The media is reporting on what they are calling a black slime that has been found on the Washington memorials. But when you read the details of many of these same articles, you will find out that it is simply black mold attacking these structures.

This mold has been found on the Lincoln Memorial, the Washington Monument, Arlington National Cemetery and the worst is at the Jefferson Memorial, where the white dome is now completely covered with black mold. It is now turning black from the mold infestation.


Even the monument of Abraham Lincoln, the Great Emancipator, is turning black, and this isn’t the first time there has been a mold problem. Repairs to correct the moisture and mold problem were done in the past with the most recent being in 2009. However, previous repairs have been unsuccessful thus far.

CBS News had reported:

The substance is actually biofilm, made up of a thousand different bacteria, mold and other species that adhere themselves to stone surfaces.

“It’s called slime, but when you touch it, it’s dry; it doesn’t come off on your fingers,” Albert said.

“Correct. And again, the slime, the secretions, the sugar strands — all microscopic, nothing that we’re going to pick up with the naked eye or even be able to clean from the touch,” Litterst said.

That makes it even more difficult to clean. Litterst said experts don’t know where the biofilm came from or how to get rid of it.

It’s also now in Arlington National Cemetery and on the Washington Monument. But it’s by far the worst at the Jefferson Memorial, where the white dome is now covered in patches of black.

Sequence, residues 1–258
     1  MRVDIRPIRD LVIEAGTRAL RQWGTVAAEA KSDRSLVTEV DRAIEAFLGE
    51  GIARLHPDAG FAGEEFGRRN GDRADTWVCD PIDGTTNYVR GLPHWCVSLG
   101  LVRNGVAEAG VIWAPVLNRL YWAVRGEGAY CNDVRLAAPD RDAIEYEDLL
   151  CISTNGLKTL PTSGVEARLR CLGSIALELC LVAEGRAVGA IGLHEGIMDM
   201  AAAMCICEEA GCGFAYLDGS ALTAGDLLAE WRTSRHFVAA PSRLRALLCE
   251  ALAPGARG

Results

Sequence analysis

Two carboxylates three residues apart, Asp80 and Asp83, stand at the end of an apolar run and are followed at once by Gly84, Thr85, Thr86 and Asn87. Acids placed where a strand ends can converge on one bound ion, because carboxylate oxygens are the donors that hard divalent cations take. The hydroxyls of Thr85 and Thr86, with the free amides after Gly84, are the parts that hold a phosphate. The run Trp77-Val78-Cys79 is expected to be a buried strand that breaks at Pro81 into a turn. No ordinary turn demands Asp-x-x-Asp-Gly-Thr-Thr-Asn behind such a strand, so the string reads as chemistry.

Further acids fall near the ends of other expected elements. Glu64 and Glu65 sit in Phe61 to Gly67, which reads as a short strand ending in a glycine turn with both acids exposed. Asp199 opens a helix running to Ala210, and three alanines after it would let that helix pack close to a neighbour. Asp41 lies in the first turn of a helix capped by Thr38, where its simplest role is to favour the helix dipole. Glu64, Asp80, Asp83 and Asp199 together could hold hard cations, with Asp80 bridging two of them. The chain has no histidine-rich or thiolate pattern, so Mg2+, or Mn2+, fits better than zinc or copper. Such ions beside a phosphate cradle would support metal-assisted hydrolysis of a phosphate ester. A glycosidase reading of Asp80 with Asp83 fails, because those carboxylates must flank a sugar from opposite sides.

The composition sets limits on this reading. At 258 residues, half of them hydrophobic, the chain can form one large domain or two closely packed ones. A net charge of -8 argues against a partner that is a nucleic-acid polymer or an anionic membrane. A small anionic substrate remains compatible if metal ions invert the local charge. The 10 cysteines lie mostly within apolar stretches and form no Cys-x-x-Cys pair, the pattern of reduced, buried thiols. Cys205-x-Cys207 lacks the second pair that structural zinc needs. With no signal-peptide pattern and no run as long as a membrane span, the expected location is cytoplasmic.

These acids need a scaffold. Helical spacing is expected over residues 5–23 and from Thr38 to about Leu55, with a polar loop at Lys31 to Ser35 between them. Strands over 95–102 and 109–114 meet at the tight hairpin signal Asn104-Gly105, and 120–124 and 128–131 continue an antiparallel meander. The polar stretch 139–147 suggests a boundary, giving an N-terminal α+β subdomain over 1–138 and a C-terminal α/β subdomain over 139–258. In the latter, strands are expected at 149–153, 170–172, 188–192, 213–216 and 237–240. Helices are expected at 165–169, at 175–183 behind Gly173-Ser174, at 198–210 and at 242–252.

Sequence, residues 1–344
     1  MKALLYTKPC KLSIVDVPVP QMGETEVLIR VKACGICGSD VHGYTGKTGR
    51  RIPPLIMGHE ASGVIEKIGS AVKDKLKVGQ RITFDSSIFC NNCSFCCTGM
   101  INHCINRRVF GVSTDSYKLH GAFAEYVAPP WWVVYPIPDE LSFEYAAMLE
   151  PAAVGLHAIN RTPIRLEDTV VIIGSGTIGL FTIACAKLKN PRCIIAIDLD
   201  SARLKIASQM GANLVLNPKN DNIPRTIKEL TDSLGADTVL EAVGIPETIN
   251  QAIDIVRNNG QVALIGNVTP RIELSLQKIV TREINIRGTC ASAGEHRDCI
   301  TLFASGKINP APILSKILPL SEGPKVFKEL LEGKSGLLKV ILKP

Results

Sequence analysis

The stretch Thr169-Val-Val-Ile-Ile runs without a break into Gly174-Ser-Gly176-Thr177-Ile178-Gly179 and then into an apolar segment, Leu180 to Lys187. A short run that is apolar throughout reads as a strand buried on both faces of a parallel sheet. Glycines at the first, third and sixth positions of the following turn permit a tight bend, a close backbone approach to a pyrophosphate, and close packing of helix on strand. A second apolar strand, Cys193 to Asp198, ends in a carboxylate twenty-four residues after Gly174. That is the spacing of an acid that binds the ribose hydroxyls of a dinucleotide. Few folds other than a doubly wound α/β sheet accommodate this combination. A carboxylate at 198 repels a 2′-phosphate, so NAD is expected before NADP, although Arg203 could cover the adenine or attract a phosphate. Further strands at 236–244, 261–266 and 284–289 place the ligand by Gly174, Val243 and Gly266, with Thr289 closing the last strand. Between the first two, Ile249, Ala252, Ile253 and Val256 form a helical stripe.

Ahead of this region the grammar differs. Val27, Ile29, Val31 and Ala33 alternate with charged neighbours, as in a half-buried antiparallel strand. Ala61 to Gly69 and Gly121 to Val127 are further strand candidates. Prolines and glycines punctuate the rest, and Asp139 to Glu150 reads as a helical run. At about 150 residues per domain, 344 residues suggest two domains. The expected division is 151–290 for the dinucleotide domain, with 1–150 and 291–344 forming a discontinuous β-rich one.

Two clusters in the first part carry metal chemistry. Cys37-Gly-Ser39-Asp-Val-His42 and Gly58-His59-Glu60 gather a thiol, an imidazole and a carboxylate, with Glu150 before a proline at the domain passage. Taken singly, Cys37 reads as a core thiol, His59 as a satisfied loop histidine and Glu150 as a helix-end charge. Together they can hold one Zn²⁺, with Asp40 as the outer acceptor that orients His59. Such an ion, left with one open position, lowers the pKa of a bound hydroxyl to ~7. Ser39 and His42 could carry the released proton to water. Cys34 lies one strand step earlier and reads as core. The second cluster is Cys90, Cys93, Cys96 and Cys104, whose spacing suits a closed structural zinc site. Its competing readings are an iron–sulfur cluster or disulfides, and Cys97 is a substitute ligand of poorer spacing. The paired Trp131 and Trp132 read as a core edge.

“We have absolutely no intention of allowing nature to take its course and cover a gloriously white marble rotunda with a blackened biofilm,” Litterst said.

So the park service is going on the offensive, experimenting in test labs right on the side of the memorial. The park service went public with the slime mystery this month, after people kept confusing the blackness with dirt and complained that the agency wasn’t keeping the memorials clean.

Seeing the black ooze was a shock to the Stiles family of New Hampshire.

“We were a little taken back by it because we expect them to be crystal clean,” said Kristin Stiles. “And we loved visiting the memorials; we did think it was awesome, but we did notice it on a lot of them.”

The park service has now posted signs letting people know about the battle and has received at least 100 cleaning tips from the public — including Jane Weber of Florida, who suggests water.

“It needs to come off,” Weber said. “It’s kind of ugly. We’ve got to clean it.”

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